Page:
Colin Hart on Caster Semenya

Colin Hart on Caster Semenya

Here, our favourite veteran journalist Colin Hart shares his views on the recent Caster Semenya ruling:

The Caster Semenya case has bitterly divided the athletic world in what has become track and field’s equivalent of the Brexit debate.

The Court of Arbitration for Sport (CAS) voted 2-1 in favour that Semenya must surpress her testosterone levels in order to compete in middle distance events. That ruling is going to affect every female member of Track Academy who has ambitions to compete at the sports elite level.

I would much prefer to be writing about something far more light-hearted. But the CAS decision has become such a contentious issue it simply cannot be ignored. No doubt it has divided opinion at Track Academy just has it has done at international level.

Semenya, South Africa’s formidable double Olympic and four time world 800 metres champion is one of an extremely small number of women who naturally produce higher levels of testosterone which automatically gives her a considerable advantage over her rivals. Experts have worked out women like Semenya may have as much as three per cent improvement in performance which can make the difference between a gold medallist and being an also-ran. Semenya’s argument was that the IAAF rules regarding testosterone suppression for female athletes was discriminatory.

She took her plea to CAS who agreed her complaint was valid. But vitally added such discrimination is a necessary, reasonable and proportionate means of achieving the IAAF’s aim of preserving the integrity of female athletes. So the ironical outcome for Caster is if she wants to compete at distances between 400 and 1500 metres she will have to take drugs to bring down her testosterone levels. When she was asked in Doha recently if she intends to comply, Semenya replied emphatically “Hell no”.

Britain’s top women athletes, past and present have very strong views on the rights and wrongs of Semenya’s predicament. Paula Radcliffe, Kelly Holmes and Jade Johnson fully back CAS’s stance and so does two lap runner Lynsey Sharp. Because she has been so outspoken on the subject Scottish lass Lynsey has revealed she and her family have received death threats from Semenya’s supporters.

But Kelly Sotherton, three time Olympic bronze medallist is among many who strongly believe CAS has got it wrong. Sotherton said “This is an ethical and moral issue that does not sit easy with me. Where does the line start and end?” Allyson Felix, America’s sprint super-star who has won six Olympic and 11 world championship golds is one of athletics’ most respected voices.

Felix is vehemently opposed to what CAS has done and has expressed extreme disappointment at the way Caster has been treated. Allyson said: “She is a friend of mine. This has been mishandled from the start. We are talking about a human being. “For all this to play out the way it has makes me cringe. To think of her dealing with this there has to be a better way.”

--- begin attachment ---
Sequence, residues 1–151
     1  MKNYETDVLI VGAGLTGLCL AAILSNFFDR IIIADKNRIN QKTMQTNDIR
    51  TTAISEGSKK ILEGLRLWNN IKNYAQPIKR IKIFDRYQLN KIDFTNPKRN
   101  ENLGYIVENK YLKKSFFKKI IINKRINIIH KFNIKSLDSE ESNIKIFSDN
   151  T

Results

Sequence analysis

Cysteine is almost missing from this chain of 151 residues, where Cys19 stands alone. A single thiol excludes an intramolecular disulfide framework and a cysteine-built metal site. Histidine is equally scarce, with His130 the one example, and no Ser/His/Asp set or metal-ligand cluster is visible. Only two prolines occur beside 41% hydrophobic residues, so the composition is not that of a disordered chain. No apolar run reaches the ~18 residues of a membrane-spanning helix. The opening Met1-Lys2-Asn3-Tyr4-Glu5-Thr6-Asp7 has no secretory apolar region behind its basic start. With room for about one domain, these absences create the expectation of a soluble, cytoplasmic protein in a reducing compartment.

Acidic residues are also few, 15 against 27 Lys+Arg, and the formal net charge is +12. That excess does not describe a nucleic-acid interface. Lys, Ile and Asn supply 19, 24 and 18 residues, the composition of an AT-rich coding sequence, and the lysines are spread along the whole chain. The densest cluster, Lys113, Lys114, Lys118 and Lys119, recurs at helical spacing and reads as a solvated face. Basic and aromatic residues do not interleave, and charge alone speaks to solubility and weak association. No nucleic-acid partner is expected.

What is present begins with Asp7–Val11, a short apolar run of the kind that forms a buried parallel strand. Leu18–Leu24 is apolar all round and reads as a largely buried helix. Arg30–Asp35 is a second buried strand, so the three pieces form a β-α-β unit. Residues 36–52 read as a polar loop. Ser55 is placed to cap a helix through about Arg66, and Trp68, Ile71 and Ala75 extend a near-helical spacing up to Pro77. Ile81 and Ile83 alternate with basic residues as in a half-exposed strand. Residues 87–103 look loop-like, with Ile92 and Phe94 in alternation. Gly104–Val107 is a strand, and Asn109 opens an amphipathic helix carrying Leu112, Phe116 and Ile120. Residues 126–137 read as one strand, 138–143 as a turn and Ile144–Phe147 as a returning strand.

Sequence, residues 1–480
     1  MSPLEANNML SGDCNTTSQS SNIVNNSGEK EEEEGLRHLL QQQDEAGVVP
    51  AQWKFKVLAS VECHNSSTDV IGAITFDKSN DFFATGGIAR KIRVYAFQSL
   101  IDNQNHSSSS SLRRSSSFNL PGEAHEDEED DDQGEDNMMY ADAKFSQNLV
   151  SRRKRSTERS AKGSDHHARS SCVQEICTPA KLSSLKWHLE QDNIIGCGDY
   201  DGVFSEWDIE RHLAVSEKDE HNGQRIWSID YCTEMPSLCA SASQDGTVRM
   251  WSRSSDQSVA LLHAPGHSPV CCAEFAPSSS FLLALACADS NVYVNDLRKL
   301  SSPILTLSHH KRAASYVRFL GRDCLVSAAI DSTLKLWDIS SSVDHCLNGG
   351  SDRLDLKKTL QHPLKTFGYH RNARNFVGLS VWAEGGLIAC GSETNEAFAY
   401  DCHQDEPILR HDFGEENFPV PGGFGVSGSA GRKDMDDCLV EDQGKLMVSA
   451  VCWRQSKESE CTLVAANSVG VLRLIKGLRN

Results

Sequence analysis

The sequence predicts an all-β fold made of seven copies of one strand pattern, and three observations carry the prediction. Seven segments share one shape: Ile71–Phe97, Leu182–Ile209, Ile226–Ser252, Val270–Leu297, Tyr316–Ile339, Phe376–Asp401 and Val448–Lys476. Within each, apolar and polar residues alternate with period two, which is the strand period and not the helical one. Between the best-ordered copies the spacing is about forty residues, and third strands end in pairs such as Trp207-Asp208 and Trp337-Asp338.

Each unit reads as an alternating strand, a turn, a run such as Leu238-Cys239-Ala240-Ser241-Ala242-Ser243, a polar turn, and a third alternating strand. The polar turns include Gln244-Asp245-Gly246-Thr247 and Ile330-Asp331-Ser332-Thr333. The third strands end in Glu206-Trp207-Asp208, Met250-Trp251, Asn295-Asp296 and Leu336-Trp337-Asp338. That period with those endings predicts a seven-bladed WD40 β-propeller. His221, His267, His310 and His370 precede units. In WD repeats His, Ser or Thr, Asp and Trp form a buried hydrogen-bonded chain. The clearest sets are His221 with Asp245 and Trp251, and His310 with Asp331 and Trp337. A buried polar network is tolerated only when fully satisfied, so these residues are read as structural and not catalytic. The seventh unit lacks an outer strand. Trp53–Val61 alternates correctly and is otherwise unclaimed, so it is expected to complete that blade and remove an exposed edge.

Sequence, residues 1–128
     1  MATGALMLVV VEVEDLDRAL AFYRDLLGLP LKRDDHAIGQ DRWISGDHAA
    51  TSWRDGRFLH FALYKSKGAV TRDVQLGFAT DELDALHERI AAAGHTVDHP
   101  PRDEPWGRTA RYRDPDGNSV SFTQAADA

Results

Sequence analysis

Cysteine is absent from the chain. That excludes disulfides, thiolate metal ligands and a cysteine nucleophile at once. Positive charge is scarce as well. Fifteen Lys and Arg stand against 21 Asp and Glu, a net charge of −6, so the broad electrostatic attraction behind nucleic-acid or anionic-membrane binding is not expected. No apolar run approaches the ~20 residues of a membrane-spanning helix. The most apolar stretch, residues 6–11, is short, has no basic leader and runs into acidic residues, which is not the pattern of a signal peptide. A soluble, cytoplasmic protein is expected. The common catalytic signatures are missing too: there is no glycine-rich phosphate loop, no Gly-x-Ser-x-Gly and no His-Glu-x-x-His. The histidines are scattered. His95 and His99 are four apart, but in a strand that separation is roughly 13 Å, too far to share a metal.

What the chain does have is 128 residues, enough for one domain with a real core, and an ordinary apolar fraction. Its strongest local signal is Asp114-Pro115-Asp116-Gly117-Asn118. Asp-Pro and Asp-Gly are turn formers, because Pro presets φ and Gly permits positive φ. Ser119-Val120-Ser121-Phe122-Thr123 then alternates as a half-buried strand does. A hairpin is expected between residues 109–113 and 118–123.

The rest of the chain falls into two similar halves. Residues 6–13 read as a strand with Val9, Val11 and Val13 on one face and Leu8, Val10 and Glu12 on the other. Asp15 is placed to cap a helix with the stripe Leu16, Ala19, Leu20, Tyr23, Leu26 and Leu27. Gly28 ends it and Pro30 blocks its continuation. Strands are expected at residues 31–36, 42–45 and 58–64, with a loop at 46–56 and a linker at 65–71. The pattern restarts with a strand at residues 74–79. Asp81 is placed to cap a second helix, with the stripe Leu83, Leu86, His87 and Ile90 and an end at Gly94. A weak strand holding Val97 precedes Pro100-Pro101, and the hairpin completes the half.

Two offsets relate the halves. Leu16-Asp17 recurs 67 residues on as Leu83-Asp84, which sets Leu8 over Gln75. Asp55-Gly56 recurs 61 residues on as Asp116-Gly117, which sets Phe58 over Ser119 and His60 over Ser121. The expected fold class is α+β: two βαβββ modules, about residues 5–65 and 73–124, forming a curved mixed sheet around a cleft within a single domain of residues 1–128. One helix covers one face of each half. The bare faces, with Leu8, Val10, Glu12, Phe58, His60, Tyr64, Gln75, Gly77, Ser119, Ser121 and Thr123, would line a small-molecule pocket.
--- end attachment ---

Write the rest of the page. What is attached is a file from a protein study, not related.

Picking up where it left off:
This controversy isn’t going to go away soon but it has much wider implications than Semenya’s dilemma. So many rightfully feel that women athletes must be protected against the distinct possibility of transgender athletes being unscrupulously exploited by nations out to win gold medals by any means. It’s certainly not a far-fetched concept. When I was covering athletics between 1969 and 2000 the Eastern European countries did it with their sophisticated, and officially undetected drug programme.

It’s interesting that East German Maria Koch’s 47.60 world 400m record has lasted 34 years and Czech girl Jarmila Kratochilova’s 1min 53.28 sec 800m world record, was set 36 years ago. My case rests M’lud.

I have tremendous sympathy for Caster who has become embroiled in this mess just because of an accident of birth. She has not taken steroids or any other performance enhancing drugs and despite the insults she has been subjected to has managed to retain her dignity throughout her ordeal. But there’s not a shadow of doubt because of the chemical make-up of her body she has an unfair advantage over her fellow competitors. For me sport at every level must be carried out on a level playing field and that’s why I agree with CAS.

Run For Your Life

Everyone connected with Track Academy must have been bursting with pride watching Connie Henry presenting the ITV documentary Run For Your Life, shown last month.

Connie and her team at Willesden do a magnificent job and much of the programme was very emotional. Everyone knows Connie is a Commonwealth Games triple jump bronze medallist. But I didn’t know she could have been a star of the English girls’ crying team if had been selected!

My only criticism is that the programme deserved to go out at prime time instead of getting a late night slot.

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